Despite setbacks, India continues to be one of the fastest growing major telecom markets in the world. It is also one of the largest. Sweeping reforms introduced by successive Indian governments over the last decade have dramatically changed the nature of telecommunications in the country. By 2016 there were positive signs of a healthier regulatory environment taking shape. The government has been continuing to push to complete the restructuring of the telecommunications regulatory regime.
India’s mobile market continues to get the bulk of local capital expenditure as the operators expand their infrastructure. The mobile market continues to be the main focus of the Indian telecom sector. India has a huge national telecommunications network. The fixed line market in India remains highly underdeveloped due to the dominance of the mobile segment. Further, the number of fixed telephone lines is slowly declining as the mobile segment continues to expand. Overall penetration dropped from 2.1% in 2014 to 2.0% in 2015 and 1.9% in 2016.
With fixed-line penetration falling below 3%, the country has nevertheless achieved a remarkable coverage, 99% of the population having some form of access to a telephone. There has been heavy investment in telecoms infrastructure over the last decade to service the huge population. The government and the operators push forward on a number of fronts to speed up the roll-out of services to the wider population. Market leader BSNL’s market share has dropped significantly over the past six years due to growing market competition and the entry of new players in the market such as Vodafone.
In 2016 Vodafone signed an agreement to acquire cable broadband provider YOU Broadband for INR4 billion (USD59.9 million). The acquisition is part of Vodafone’s strategy of increasing its presence in the fixed broadband market. The takeover is expected to strengthen its mobile data services.
There has been a fresh effort to promote broadband throughout the country; after a period in which broadband development languished, and there is now hope for a serious expansion phase in this segment of the market. Mobile broadband has also impacted the market and by 2016 was already dramatically changing the internet sector.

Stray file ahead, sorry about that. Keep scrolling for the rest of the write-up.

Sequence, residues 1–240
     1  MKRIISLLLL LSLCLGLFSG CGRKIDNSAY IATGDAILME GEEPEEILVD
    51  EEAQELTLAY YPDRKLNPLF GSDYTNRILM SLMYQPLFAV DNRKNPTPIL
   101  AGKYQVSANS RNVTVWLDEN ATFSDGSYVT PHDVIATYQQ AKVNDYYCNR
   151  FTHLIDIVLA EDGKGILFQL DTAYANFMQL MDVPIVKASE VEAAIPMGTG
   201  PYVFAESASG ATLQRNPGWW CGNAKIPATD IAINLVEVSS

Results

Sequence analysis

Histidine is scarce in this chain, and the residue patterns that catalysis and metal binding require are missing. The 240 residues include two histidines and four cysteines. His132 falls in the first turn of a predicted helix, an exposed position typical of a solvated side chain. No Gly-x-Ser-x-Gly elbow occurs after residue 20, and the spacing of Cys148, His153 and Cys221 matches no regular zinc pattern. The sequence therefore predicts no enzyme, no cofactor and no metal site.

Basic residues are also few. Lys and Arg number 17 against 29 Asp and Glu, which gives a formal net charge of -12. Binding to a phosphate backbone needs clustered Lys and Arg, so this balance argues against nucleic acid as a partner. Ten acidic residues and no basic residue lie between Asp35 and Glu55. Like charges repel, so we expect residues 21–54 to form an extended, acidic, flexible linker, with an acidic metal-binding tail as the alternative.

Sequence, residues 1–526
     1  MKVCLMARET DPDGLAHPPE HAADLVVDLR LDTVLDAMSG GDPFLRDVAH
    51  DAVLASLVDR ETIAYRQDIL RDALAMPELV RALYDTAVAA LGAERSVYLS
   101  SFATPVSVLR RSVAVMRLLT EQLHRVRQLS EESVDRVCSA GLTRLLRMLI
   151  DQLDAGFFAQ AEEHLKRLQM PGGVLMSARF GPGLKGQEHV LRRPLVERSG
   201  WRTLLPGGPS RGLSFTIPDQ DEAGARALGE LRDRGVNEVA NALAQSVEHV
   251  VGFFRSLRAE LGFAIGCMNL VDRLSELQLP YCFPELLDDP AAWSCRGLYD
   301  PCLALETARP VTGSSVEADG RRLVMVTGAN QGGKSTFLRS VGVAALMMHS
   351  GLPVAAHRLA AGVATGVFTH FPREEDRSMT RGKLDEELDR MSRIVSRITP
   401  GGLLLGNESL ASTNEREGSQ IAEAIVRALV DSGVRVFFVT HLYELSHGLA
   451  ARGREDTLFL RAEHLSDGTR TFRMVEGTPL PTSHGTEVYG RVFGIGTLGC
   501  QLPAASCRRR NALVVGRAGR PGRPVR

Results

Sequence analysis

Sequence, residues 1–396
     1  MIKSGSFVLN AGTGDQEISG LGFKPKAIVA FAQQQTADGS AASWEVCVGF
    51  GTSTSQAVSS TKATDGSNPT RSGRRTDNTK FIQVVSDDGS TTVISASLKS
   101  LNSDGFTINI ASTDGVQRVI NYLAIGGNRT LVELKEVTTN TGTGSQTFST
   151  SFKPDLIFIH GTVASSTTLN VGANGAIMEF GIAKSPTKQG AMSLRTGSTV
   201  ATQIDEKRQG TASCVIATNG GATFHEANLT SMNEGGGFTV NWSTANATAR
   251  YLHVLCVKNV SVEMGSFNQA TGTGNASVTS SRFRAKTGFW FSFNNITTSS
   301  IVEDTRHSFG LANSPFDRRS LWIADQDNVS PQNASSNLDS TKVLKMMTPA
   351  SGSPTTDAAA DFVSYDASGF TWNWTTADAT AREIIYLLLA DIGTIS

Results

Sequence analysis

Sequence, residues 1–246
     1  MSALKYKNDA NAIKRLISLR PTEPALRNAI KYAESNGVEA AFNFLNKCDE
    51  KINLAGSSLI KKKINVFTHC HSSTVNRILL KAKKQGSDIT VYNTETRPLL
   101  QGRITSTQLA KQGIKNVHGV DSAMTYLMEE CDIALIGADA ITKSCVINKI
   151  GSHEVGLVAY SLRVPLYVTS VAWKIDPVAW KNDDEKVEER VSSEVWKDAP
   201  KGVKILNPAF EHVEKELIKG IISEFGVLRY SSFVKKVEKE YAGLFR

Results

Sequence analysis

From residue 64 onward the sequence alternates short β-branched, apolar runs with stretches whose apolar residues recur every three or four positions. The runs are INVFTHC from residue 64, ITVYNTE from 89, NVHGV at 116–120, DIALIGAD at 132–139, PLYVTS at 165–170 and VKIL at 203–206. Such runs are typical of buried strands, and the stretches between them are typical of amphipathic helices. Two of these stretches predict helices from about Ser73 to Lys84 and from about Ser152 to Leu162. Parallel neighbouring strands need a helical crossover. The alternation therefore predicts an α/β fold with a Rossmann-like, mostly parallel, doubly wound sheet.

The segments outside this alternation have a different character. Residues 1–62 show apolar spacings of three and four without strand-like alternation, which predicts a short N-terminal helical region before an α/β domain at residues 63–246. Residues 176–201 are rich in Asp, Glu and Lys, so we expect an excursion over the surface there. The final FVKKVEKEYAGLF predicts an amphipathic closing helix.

Over the past decade India’s mobile sector has developed a sustained momentum, aided by higher subscriber volumes, lower tariffs and falling handset prices. There had been a major push to take mobile services into the poorer and rural areas of the country, a move that inevitably weighed down on ARPU.
India’s mobile market dominates the local telecom sector with its large subscriber base and revenue numbers, as well as the huge capital investment by operators. It has continued to be a highly competitive market in which a number of major players together with a larger number of smaller players have been battling to increase market share.
Kazakhstan’s mobile market has experienced very strong growth over the last five years. Mobile penetration has risen from 72% in 2011 to 81% in 2016. The market remains highly competitive, but rather than a focus only on growth in subscribers the market is shifting to value-added. The roll-out of 4G / LTE services is driving significant shift to mobile data services across the country. Much will depend on the continuing resilience of the economy in India, with any drop in economic performance quickly triggering a drop in demand for mobile services. Further strong growth predicted over the next five years to 2021. By that year the market will reach mobile penetration of over 90%.